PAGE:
Past Issue

Volume 12, Supplement 1,Winter 2011 (Presented at The 1st International Student Congress) Pages: 85-86

P-102: Efficacy of Silica Nanoparticles in Decreasing Nitrite Content of Water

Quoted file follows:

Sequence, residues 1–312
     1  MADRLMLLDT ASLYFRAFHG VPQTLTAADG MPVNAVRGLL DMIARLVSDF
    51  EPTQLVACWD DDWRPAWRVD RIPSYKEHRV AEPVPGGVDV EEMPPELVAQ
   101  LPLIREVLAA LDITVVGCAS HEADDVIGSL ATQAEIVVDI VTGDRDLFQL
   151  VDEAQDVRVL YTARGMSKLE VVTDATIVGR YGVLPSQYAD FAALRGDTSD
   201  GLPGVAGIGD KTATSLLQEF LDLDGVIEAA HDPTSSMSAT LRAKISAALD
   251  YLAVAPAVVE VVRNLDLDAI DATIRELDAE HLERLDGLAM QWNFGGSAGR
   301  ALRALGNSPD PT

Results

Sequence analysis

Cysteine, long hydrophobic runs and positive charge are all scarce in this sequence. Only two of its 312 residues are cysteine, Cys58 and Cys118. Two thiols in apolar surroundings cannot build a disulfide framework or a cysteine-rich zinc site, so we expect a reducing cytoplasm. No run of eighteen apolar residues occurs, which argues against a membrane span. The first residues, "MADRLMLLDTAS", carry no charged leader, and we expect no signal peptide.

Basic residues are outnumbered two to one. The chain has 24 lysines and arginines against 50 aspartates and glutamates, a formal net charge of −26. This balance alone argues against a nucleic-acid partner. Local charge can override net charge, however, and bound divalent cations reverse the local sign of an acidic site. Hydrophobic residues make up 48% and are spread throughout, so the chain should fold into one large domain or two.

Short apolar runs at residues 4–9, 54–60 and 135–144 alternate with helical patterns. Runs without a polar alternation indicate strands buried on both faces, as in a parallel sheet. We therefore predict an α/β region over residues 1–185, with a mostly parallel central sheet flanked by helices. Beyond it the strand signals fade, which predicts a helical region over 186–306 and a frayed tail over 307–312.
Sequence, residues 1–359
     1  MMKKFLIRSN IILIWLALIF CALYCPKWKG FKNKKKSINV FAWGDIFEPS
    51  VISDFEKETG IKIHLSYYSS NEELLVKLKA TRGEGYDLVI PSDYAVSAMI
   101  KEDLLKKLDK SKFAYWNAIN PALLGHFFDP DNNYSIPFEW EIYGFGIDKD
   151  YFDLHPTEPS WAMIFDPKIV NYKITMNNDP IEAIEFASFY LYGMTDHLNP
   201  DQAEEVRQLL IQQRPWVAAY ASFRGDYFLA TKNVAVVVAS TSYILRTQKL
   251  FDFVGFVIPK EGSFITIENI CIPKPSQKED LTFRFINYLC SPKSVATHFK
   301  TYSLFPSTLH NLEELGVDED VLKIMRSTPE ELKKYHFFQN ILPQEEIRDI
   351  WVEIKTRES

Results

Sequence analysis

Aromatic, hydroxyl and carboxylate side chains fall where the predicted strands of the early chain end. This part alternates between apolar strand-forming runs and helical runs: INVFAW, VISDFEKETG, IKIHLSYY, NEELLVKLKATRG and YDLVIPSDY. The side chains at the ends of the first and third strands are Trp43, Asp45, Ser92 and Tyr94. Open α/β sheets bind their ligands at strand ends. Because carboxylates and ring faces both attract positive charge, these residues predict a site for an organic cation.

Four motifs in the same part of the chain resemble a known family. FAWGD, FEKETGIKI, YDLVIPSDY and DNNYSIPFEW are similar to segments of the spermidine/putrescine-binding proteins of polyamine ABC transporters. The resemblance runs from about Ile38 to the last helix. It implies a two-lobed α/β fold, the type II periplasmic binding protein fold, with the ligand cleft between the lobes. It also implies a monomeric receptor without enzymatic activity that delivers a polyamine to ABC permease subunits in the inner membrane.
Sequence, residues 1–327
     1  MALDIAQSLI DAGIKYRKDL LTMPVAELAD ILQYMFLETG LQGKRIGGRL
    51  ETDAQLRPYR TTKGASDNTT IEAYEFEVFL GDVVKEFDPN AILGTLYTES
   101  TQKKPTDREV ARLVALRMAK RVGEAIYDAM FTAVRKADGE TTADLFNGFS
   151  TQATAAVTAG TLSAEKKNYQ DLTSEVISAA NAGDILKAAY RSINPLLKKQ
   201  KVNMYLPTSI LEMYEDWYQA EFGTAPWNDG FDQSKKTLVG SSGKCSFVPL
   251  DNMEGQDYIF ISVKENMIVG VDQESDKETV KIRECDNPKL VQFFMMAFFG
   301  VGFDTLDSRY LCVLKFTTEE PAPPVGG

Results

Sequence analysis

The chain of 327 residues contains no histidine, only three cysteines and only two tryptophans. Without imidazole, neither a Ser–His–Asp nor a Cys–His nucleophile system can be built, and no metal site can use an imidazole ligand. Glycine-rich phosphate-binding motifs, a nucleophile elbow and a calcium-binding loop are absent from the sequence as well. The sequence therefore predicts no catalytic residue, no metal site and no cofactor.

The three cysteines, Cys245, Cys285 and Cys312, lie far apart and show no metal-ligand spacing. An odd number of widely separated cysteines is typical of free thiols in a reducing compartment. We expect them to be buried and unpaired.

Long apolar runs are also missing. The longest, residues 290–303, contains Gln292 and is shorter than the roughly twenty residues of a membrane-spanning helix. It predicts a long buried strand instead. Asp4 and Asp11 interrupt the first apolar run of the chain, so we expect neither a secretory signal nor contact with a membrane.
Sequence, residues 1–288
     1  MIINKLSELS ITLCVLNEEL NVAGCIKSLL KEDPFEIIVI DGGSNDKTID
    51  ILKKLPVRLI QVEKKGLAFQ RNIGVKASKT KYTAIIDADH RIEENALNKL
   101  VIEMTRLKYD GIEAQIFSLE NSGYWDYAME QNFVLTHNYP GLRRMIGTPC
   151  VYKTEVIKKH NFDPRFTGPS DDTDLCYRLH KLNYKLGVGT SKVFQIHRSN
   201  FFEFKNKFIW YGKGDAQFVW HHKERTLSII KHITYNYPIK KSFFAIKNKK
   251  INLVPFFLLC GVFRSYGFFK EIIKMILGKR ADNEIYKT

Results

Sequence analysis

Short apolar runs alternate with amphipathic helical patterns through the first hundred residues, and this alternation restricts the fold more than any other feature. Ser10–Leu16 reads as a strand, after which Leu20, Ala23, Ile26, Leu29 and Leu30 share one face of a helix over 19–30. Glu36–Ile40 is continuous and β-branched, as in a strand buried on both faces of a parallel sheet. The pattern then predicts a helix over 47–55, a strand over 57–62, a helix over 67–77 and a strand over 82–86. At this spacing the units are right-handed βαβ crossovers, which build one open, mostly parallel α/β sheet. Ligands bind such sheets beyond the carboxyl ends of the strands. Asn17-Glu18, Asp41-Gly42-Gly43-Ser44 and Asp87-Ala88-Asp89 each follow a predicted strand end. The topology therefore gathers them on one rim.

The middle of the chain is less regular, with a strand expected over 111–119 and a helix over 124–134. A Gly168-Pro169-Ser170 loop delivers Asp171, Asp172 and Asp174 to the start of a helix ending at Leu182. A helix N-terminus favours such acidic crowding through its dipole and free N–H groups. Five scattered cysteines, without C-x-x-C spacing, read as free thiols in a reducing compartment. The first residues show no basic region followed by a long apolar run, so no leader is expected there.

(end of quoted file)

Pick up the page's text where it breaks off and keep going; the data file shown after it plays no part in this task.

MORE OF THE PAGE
Objective: Drinking water may be contaminated with nitrates and nitrites, which is mostly because of industrial and urban sewage spillage into the drinking water sources of cities, and also use of chemical fertilizers in rural areas. Nitrite is toxic and carcinogenic because it affects DNA and synthesized proteins, and forms methemoglobin that causes anemia and cyanosis. Infants are more vulnerable than adults because of their peculiar physical and nutritional conditions. Different approaches have been taken for reduction of the amount of nitrite in the water, including the following: demineralization by reverse osmosis or distillation, ion exchange, blending, electrodialysis, use of zeolites such as DDAC (distearyl-dimethyl-ammonium-chloride), SDBAC (stearyl- dimethyl- benzyl- ammonium-chloride) or clinoptilolite, use of metal catalysts such as palladium, use of anaerobic bioprocess, use of sulfamic acid, heterotropic and nitrite-oxidizing bacteria, and finally use of synthetic biofilters. Nanoparticles have unique physical and chemical properties due to their small size and high surface-to-volume ratio, hence having enormous applications in industry and health sciences. In this study, nanoparticles of silica (silicon dioxide) have been used for decreasing nitrites in water, and their efficacy in different incubation (reaction) times has been evaluated. Materials and Methods: In this lab trial study, different concentrations (0.1, 0.2, 0.3, 0.4, 0.5, 0.6, 0.7, and 0.8 mg/L) of nitrite and 0.1 g/mL of SiO2 nanoparticles (10 nm, 600 m2/g, from Lolitech, USA) were mixed, and photometric measurement of supernatant optical density was performed after 0.5, 1, 1.5, 2, 5, 10, and 24 hours, using nitrite test kit (Vaheb, Iran). For comparison with the control tubes, t-test was used for both different concentrations and different incubation times. Results: Optical densities decrease as the incubation time increases, and the lowest OD is related to 24 hours incubation, that is, nitrite is absorbed by silica nanoparticles optimally when in contact for 24 hours, and the maximum reduction is around 72%. The paired t-test on the results showed that there is a significant difference between the control group and the 24, 10, 5, 2, and 1.5 hours groups at various concentrations of nitrite (p value= 0.001). Conclusion: This is the first record that shows nitrite will be absorbed by silica nanoparticles. However, elimination of the nanoparticles in treated water and the cytotoxicity of residual nanoparticles of silica in the body should be investigated when it is anticipated that some amount of it might be taken by human and animals.